Prevea Health

One vitamin can prevent colds, flu, depression, weight gain and fracture


Getting some sun to "soak up some vitamin D" is something you probably hear regularly during warmer months. However, the truth is, this often-misunderstood "vitamin" is not a vitamin — it is a prohormone.
Prohormones are substances the body converts to a hormone. In fact, unlike other vitamins, only about 10 percent of the vitamin D the body needs comes from food such as dairy products and oily fish. The body makes the rest for itself. Understanding this hormone and the role it plays in the body will help you prevent colds, flu, depression, weight gain and even a fracture.

What does vitamin D do?

Vitamin D is a hormone the kidneys produce. It controls blood calcium concentration and impacts the immune system. The body makes vitamin D through a chemical reaction that occurs when sunlight hits the skin. Then it goes through changes in the liver and kidneys to ultimately produce the active form of the hormone. 
Vitamin D helps the body:
  • Absorb calcium so blood calcium levels are ideal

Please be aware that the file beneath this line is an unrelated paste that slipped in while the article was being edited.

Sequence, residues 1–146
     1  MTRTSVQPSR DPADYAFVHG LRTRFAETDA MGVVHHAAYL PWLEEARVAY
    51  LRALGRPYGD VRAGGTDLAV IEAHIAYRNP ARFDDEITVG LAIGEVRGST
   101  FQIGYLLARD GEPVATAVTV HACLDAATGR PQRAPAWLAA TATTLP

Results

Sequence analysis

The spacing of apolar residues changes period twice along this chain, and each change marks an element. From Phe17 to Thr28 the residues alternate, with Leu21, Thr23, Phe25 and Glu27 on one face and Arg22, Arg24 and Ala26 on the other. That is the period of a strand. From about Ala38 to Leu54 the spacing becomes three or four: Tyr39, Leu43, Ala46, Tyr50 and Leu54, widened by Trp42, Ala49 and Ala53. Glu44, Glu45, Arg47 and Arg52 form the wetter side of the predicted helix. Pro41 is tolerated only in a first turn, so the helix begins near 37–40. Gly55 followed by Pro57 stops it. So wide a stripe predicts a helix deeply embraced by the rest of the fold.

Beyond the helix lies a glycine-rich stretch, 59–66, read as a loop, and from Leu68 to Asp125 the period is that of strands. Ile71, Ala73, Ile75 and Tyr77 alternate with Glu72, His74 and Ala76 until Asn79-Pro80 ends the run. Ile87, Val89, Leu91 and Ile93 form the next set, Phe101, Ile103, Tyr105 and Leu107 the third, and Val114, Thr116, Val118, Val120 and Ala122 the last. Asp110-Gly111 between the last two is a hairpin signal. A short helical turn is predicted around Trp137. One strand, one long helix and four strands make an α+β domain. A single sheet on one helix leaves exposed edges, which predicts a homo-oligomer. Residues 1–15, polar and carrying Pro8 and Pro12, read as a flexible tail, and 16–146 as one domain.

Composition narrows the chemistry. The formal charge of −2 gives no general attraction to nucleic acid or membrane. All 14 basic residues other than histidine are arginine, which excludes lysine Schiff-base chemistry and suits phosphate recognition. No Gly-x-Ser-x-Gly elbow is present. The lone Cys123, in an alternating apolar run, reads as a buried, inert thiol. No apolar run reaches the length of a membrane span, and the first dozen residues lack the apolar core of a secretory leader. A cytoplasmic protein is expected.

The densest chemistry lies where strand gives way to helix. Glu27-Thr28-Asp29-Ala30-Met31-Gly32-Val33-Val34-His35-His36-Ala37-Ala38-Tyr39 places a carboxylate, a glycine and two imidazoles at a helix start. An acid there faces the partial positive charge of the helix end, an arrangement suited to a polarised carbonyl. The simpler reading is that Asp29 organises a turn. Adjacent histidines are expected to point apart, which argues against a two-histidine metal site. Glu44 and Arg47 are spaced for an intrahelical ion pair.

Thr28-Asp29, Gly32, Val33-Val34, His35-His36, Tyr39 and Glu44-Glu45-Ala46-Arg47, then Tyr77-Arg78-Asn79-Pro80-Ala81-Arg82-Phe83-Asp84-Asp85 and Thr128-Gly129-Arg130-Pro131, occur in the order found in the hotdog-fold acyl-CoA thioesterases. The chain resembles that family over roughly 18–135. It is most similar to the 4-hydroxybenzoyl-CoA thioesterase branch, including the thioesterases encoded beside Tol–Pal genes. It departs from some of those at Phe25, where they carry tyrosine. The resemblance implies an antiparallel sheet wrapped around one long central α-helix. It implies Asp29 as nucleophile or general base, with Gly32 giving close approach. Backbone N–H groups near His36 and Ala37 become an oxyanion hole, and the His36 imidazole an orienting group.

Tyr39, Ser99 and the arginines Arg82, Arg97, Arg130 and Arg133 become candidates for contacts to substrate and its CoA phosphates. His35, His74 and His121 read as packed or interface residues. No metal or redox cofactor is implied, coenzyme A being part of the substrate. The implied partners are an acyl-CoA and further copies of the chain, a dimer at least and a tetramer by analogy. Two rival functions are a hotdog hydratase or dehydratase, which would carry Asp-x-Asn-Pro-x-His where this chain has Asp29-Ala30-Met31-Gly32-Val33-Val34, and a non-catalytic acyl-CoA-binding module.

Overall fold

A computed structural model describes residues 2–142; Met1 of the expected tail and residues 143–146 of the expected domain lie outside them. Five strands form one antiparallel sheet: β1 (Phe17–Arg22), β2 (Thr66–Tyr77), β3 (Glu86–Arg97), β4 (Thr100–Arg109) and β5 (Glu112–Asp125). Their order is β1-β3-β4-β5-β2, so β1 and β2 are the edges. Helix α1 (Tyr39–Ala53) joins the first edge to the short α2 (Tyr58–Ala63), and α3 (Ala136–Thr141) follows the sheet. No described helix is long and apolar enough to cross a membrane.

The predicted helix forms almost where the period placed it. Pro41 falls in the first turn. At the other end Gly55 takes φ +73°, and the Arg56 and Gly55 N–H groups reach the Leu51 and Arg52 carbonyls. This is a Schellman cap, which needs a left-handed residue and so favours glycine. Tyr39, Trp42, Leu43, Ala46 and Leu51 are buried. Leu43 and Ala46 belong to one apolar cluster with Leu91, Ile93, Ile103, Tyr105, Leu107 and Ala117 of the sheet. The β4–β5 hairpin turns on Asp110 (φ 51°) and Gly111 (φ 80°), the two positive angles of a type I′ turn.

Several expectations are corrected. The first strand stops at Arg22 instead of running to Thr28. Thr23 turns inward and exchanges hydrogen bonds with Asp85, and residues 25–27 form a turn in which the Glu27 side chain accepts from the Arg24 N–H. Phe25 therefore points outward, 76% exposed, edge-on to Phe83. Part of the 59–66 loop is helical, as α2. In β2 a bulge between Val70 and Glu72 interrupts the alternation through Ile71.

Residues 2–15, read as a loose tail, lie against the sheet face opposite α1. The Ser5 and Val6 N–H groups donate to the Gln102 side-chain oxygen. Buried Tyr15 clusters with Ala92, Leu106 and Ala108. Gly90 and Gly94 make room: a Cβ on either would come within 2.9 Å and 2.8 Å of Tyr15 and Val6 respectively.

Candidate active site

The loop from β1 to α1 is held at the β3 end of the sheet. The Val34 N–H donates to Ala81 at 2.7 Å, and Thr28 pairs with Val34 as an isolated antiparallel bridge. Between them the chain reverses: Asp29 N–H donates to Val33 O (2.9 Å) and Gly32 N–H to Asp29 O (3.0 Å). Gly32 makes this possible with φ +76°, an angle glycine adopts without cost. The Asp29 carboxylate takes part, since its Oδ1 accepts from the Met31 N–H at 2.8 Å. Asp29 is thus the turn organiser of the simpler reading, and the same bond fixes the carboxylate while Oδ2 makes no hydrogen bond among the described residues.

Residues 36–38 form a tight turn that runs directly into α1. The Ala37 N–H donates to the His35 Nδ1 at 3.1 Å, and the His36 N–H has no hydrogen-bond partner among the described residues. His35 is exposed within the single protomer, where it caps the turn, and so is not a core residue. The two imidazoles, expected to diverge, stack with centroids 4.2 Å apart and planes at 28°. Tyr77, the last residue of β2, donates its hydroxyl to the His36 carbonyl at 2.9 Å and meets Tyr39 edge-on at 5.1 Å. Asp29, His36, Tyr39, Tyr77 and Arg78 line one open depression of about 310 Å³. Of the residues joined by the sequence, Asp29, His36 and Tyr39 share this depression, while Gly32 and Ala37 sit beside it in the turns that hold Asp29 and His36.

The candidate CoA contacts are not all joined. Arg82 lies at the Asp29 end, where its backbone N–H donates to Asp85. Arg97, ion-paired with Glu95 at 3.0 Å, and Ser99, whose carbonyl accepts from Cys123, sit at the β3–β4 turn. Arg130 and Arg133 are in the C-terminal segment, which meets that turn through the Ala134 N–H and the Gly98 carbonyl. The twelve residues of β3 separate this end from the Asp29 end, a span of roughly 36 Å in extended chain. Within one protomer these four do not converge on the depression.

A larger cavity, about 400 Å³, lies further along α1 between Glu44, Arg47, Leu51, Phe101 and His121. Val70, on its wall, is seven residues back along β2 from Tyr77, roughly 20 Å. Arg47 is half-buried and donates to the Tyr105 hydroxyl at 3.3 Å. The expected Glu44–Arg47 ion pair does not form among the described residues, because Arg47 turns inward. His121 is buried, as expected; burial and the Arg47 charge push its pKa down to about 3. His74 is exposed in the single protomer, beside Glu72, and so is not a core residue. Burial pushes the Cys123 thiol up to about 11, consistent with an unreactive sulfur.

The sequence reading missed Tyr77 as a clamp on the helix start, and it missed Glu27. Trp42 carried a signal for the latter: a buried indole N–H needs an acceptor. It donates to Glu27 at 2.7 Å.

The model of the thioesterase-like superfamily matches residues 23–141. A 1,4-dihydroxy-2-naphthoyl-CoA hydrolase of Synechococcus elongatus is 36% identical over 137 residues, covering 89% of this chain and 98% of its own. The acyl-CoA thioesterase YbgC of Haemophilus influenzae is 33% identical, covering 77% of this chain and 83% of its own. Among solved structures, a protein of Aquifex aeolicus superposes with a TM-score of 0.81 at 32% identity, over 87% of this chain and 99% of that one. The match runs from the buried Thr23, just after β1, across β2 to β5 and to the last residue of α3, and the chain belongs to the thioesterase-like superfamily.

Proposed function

• Enable the mineralization of bone required for strong bones
  • Regulate adrenaline, noradrenaline (also called norepinephrine) and dopamine production in the brain resulting in improved mood
  • Improve energy levels
  • Protect from serotonin depletion
  • Improve immune function
Vitamin D deficiency has been linked to a variety of health concerns, including:
  • Colds
  • Flu
  • Depression
  • Weight gain
  • Fatigue
  • Mood swings
  • Sleep issues
  • Loss of memory and focus
  • Cardiovascular disease
  • Diabetes
  • Osteoporosis

What else?

Get your Vitamin D3 level checked. The optimal range is between 40 and 80 ng/ml.
Foods rich in vitamin D include:
  • Free range eggs
  • Fresh tuna
  • Fortified Milk
  • Fatty fish (salmon, mackerel and sardines)
  • Shitake mushrooms
  • Oysters

Vitamin D supplements:

Many adults don't get regular exposure to sunlight and have trouble absorbing vitamin D, especially as we age. Take a multivitamin with vitamin D. The recommended daily amount of vitamin D is 600 to 1000 IU for people between the age of 1 and 70 years old. It’s imperative not to go over that unless your doctor has checked your vitamin D levels and recommended otherwise. We tend to think "the higher the dose, the better.” But in this case, more isn’t a good thing. If your vitamin D levels are too high, you can experience a set of adverse side effects.
Have additional questions? Talk with your doctor to create a plan that is tailored to your lifestyle.

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